Do microglia promote the development of Alzheimer disease (AD) or hinder it? These immune cells are known to massively infiltrate amyloid plaques, lured by the presence of Aβ. However, in the process, microglia become activated, and there is continuing debate about whether activated microglia serve a neuroprotective function in the diseased brain. Yesterday in Neuron, the laboratories of Jean-Pierre Julien and Serge Rivest at Laval University in Quebec, Canada, entered this debate with a study that attempts to distinguish between resident and migratory, blood-derived microglia. First author Alain Simard and his colleagues report that bone marrow-derived microglia can reduce the number and size of amyloid deposits in an APPSwe/PS1 transgenic mouse model of AD. They show that this set of microglia actually infiltrate the core of amyloid plaques and phagocytose β-amyloid, and suggest these cells may be key in curbing the progression of AD.
The researchers transplanted green fluorescent protein (GFP)-expressing bone marrow cells into the bloodstream of irradiated APPSwe/PS1 transgenic mice. Then they immunohistochemically visualized an age-dependent increase in the number of plaque-associated GFP-positive microglia that peaked at 6 months of age, then slightly decreased around 9 months. Meanwhile, immunohistochemical staining of brain sections from treated animals revealed a consistent age-associated increase in the number and size of plaques. Based on these data, the authors argue that blood-derived microglia infiltrate the brain and migrate toward amyloid plaques after they have already formed and reached a particular size.
But how do these microglial cells get recruited and activated? To address this question, Simard and colleagues transplanted GFP-expressing bone marrow cells into irradiated wild-type mice and injected different isoforms of Aβ into their hippocampi. Upon examination of brain sections, they found that both Aβ40 and Aβ42 were able to stimulate the infiltration of GFP+ cells, suggesting that both proteins are behaving as chemoattractants for the bone marrow-derived microglia. Neither the control peptides Aβ31 and Aβ57, nor saline injections elicited this effect. Further investigation of the activation of microglia in response to Aβ42 in both wild-type and transgenic mice demonstrated the induction of an innate immune response without the inflammatory molecule TNF-α. The authors take this to mean that both exogenous and endogenous Aβ42 are capable of triggering similar, yet highly specific and atypical immune responses.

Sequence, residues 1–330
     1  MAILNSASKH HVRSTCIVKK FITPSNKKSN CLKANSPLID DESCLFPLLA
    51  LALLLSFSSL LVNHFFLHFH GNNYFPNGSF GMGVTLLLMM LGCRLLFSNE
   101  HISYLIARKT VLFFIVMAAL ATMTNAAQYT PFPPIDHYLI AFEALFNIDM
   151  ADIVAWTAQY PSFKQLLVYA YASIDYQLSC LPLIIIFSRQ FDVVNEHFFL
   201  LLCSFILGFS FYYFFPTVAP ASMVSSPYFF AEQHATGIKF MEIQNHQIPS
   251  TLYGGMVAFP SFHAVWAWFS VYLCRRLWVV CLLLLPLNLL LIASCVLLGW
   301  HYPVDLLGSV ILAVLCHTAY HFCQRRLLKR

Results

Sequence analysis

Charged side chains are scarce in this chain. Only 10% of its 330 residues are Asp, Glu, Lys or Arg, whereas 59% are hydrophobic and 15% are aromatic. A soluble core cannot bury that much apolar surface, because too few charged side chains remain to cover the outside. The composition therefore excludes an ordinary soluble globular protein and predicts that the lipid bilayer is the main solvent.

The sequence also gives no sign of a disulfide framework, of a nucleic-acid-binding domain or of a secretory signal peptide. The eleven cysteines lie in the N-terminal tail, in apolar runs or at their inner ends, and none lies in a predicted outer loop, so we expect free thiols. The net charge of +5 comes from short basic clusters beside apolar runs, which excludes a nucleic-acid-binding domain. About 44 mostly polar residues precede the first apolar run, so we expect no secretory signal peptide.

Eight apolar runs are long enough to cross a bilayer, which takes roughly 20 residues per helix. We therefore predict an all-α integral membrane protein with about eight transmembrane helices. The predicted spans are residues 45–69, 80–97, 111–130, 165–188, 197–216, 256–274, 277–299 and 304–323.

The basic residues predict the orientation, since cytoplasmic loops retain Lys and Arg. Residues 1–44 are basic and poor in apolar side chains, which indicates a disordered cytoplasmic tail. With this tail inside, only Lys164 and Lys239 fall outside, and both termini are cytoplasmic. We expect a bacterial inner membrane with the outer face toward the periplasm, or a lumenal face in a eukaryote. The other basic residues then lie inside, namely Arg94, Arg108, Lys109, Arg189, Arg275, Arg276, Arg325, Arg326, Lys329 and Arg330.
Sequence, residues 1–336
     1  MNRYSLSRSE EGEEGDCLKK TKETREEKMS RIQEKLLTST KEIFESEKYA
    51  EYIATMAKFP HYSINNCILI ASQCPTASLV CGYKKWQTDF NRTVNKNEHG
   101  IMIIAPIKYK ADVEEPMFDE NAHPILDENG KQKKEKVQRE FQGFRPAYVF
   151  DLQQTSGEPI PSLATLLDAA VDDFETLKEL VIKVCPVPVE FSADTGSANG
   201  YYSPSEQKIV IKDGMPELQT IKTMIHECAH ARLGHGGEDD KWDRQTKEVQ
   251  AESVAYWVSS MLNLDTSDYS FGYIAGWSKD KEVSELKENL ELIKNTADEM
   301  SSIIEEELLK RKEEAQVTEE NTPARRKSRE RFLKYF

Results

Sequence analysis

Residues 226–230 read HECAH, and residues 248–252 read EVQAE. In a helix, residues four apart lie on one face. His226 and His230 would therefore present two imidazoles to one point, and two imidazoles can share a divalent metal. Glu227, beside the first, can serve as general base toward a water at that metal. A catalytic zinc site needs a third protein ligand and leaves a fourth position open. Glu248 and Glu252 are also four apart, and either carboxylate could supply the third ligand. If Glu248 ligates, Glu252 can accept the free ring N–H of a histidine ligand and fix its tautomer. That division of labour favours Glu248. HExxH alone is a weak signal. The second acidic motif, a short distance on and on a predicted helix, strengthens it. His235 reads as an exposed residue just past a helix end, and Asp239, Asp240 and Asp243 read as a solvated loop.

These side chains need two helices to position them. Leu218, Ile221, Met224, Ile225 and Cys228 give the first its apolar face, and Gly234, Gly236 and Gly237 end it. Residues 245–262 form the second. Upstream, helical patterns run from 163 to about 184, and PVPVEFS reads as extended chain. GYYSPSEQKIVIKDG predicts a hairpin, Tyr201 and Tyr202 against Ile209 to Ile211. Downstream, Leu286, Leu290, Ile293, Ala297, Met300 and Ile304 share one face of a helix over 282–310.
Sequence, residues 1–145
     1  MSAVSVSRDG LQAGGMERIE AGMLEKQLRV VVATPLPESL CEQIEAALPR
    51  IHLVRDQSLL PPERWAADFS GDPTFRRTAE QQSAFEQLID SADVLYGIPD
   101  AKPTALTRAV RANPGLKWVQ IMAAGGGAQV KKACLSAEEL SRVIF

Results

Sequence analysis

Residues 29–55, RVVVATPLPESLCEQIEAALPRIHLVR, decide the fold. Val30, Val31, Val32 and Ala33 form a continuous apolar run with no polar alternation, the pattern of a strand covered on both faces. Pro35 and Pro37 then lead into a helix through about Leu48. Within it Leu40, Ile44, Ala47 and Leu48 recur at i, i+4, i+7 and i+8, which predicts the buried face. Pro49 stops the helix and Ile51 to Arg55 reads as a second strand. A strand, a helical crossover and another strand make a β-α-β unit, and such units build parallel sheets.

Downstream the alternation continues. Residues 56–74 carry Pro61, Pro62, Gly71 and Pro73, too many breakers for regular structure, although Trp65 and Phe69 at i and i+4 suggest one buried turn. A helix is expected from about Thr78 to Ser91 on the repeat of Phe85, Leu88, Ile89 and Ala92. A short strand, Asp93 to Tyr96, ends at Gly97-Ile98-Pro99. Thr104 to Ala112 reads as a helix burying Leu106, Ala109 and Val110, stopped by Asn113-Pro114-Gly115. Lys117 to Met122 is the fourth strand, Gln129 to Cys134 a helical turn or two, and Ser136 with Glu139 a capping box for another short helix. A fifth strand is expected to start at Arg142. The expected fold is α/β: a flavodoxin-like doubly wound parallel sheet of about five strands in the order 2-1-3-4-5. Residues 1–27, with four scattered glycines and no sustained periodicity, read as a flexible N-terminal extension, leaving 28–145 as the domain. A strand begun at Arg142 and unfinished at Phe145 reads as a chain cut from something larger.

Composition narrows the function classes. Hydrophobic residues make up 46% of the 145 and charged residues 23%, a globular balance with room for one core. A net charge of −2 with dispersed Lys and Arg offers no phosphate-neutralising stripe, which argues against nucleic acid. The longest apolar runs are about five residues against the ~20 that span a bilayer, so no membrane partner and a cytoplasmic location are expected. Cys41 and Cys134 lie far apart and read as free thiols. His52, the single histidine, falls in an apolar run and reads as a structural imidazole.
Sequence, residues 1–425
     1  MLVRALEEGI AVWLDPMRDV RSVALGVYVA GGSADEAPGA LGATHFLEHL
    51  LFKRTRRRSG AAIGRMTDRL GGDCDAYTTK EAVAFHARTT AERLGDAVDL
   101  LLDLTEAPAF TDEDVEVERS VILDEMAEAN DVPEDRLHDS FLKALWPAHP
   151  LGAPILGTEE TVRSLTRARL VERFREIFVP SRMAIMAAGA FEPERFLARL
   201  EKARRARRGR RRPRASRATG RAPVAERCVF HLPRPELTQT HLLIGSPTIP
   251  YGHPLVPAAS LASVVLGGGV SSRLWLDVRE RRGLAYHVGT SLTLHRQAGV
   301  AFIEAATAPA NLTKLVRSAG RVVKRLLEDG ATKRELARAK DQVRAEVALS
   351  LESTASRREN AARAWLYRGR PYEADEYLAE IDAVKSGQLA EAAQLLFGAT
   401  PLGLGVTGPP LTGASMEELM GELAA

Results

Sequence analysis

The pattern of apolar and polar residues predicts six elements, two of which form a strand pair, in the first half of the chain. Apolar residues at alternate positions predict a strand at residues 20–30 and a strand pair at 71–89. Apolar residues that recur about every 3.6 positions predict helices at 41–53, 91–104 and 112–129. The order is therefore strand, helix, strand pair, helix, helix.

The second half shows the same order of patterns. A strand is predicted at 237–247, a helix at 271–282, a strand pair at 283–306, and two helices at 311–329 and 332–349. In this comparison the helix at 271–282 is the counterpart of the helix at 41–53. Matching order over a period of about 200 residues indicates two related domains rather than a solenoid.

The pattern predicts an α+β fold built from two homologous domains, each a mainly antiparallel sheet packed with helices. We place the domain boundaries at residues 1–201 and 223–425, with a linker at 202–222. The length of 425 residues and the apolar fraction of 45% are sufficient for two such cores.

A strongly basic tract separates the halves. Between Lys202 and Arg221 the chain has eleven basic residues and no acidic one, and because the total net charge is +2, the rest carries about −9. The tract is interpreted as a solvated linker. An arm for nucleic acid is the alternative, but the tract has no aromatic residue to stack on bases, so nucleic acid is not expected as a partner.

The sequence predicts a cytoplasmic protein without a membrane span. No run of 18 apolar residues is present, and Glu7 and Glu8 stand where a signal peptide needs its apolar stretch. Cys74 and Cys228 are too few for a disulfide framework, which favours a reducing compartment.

The dramatic infiltration of these blood-derived microglia around the age of 6 months and slight decrease at 9 months, when the number and size of plaques are still increasing, begs the question of whether these cells hinder or exacerbate senile plaque formation. To take a closer look, the researchers crossed the APPSwe/PS1 transgenic mice with ones that express mutant thymidine kinase (TK) and treated these animals with the antiviral drug ganciclovir. This drug is known to suppress bone marrow production of white blood cells, and thus, the treatment inhibited the recruitment of newly differentiated bone marrow-derived microglia, but not activation of resident microglia. Tissue analysis showed that ganciclovir treatment resulted in an increase in the number and size of plaques, as compared to matched saline-injected animals, indicating that the bone marrow-derived microglia restricted plaque size and number. Furthermore, ganciclovir treatment appeared to attenuate the immune response associated with the presence of amyloid plaques, a result the authors attribute to the prevention of infiltration of blood-derived microglia.
Finally, in analyzing stained tissues used in these studies, Simard and colleagues observed Aβ42 staining inside subcellular compartments within the GFP-positive, bone marrow-derived microglia, which colocalized with the lysosomal marker LAMP-2. From these data, the researchers assume that the blood-derived microglia were attempting to clear the amyloid deposits via phagocytosis in vivo. To confirm this observation, they treated cultured BV2 microglial cells with fluorescent red (Cy3)- conjugated Aβ42, and saw that the Aβ42 localized within the microglia, in line with their in vivo data.
In the end, the authors emphasize that previous studies have not distinguished between blood-derived and resident microglia, but have tended to fault microglia generally for contributing to plaque formation. Here the authors instead propose that resident microglia are present early on and perhaps play a role in plaque formation, while blood-derived ones appear later in an attempt to restrict the number and growth of plaques and/or clear them via phagocytosis. “The fact that newly recruited microglia are more efficient immune cells compared to their resident counterparts is clearly a beneficial mechanism in restricting disease progression,” they write. It is worth noting that some researchers interested in this topic raise a technical caveat about studies using irradiation, because that procedure is thought to temporarily weaken the blood-brain barrier. This would allow blood-borne cells to enter the brain in numbers that may not reflect the situation in human AD brain.—Erene Mina